3. Capitalism without exchange value, or superfluous labor time
In part one of my essay, “Towards a hypothesis of the final collapse of capitalism”, I proposed a narrative to make sense of Luxemburg’s slogan, “Socialism or Barbarism”. That narrative goes this way:
- a. Marx and Engels predicted the collapse of production based on exchange value;
- b. this collapse would result in the abolition of capitalist private property;
- c. either the proletariat would accomplish this, or the bourgeois state would be forced to do it itself; and,
- d. this would set the stage for a final confrontation between the proletariat and the state, which would become the national capitalist after the abolition of capitalist private property.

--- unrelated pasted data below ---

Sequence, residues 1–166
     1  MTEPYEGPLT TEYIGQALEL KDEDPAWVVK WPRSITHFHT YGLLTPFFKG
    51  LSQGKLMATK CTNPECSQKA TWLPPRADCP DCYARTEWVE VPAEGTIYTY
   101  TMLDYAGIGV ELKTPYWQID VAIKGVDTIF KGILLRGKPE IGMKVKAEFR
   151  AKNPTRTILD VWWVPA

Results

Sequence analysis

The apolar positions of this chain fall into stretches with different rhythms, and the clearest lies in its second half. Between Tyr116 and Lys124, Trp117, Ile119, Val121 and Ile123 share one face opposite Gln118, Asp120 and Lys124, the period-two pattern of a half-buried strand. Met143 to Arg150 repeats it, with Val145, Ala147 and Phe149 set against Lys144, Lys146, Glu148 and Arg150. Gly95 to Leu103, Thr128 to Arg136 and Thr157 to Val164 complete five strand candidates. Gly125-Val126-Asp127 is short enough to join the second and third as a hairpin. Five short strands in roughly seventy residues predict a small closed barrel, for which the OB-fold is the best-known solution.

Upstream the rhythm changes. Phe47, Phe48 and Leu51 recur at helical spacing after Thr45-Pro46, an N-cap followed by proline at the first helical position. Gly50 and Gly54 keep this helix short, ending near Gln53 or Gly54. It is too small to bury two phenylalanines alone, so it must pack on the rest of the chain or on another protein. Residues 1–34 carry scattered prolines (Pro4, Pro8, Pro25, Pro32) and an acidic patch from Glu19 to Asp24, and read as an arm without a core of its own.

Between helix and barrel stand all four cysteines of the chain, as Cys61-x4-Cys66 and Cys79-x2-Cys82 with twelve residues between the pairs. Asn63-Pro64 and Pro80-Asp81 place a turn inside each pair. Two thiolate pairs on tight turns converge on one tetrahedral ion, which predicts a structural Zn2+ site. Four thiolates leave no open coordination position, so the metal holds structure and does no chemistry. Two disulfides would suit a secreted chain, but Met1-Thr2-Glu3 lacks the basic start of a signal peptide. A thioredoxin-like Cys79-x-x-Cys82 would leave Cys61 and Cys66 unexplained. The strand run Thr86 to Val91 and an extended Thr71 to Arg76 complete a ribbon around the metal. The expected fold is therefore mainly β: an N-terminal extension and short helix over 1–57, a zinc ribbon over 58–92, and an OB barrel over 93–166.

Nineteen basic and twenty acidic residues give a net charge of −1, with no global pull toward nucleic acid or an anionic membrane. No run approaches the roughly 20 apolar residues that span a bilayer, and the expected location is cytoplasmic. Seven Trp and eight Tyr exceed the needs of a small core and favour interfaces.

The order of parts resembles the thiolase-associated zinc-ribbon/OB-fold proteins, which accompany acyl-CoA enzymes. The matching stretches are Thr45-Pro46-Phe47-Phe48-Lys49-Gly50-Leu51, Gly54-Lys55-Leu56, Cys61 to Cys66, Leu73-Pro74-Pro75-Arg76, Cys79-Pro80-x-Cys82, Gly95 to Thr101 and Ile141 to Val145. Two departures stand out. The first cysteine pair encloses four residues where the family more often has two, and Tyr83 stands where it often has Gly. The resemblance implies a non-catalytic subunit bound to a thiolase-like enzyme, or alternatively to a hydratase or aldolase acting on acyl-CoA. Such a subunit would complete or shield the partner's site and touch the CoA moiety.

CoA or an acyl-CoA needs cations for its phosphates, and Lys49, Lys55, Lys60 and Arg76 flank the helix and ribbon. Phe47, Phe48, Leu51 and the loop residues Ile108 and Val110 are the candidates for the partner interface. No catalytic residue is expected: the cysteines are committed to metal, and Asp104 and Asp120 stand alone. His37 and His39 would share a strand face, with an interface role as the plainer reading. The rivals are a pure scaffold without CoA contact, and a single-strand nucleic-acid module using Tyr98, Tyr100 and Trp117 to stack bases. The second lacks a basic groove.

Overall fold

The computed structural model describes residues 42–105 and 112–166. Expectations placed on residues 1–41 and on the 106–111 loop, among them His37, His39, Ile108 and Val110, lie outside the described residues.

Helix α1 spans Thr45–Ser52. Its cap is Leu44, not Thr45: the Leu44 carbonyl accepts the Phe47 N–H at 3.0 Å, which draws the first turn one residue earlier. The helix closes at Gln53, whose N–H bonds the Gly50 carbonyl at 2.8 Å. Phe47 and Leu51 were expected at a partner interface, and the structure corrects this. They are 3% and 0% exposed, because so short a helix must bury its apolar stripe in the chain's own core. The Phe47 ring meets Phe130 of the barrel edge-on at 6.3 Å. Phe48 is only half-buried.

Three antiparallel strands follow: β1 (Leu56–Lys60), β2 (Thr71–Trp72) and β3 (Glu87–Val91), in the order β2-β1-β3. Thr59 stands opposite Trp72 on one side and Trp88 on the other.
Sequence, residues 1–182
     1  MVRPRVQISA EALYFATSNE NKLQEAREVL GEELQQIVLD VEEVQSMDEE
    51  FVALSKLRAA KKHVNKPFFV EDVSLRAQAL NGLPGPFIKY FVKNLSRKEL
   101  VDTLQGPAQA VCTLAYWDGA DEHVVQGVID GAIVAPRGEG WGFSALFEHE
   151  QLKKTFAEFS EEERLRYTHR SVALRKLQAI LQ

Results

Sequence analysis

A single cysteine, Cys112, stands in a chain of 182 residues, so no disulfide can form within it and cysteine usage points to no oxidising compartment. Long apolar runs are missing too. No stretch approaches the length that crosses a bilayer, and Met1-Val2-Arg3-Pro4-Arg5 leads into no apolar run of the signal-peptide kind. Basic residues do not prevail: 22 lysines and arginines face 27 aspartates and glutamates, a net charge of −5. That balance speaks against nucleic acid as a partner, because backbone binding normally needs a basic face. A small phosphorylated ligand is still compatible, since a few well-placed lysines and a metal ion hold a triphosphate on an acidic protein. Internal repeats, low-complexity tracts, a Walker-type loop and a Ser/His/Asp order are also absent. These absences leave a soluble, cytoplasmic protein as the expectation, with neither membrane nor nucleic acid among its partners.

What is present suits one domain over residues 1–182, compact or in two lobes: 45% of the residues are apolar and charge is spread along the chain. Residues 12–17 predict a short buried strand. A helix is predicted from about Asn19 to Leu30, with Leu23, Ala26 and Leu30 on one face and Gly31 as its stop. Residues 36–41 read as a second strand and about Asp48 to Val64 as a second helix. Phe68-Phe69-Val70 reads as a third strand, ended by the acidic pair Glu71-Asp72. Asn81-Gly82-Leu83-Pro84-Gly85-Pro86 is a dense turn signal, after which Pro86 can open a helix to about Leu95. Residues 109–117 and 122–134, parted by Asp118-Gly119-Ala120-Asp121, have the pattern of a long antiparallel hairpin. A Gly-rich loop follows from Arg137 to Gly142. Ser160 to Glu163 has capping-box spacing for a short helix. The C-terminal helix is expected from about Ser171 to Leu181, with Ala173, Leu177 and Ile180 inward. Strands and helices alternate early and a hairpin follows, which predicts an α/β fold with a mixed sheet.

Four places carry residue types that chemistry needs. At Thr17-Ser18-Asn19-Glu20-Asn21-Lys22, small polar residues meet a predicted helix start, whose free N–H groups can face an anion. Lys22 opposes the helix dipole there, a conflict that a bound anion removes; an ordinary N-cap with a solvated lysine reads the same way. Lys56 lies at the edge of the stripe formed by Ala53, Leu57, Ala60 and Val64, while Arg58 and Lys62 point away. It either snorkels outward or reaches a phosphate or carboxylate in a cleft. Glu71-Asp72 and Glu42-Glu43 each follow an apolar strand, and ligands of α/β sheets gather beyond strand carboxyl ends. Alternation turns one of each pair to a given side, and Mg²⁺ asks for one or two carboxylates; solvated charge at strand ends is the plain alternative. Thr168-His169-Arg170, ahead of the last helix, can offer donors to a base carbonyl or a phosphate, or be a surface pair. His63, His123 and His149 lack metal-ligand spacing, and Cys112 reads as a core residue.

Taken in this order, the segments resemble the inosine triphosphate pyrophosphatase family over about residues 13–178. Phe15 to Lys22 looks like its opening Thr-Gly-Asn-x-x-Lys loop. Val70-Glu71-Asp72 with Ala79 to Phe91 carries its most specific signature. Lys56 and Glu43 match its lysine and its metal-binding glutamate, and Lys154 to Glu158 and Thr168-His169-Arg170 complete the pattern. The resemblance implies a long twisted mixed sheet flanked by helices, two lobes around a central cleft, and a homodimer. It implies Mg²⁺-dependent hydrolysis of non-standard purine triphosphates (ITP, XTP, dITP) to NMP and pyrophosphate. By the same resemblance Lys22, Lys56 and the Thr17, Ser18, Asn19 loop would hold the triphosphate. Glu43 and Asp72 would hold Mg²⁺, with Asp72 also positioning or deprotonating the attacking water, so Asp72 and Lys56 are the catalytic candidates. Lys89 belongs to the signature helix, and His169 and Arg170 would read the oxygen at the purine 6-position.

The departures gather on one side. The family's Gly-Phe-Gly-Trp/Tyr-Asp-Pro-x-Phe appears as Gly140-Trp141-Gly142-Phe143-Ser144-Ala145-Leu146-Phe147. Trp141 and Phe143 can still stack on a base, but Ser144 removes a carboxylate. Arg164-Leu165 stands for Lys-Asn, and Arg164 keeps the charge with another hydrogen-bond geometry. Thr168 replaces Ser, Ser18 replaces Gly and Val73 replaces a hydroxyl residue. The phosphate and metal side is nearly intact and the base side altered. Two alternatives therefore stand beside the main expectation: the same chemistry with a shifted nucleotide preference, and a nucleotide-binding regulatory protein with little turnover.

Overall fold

In part two of the essay, I proposed that the collapse of production based on exchange value was the partial collapse of capitalism. This collapse basically resulted in an apparent absurdity: capitalism without exchange value. For production of surplus value to continue, the values of commodities, particularly labor power, could no longer be expressed as exchange values. The development of the new forces of production bound up with capitalism had finally and irreversibly pushed the rate of profit to zero. According to Grossman, the production of surplus value after this event essentially depended on the ability of the capitalist to purchase labor power below its value. This condition was satisfied by the collapse of the gold standard and replacement of gold by valueless debased state issued currency.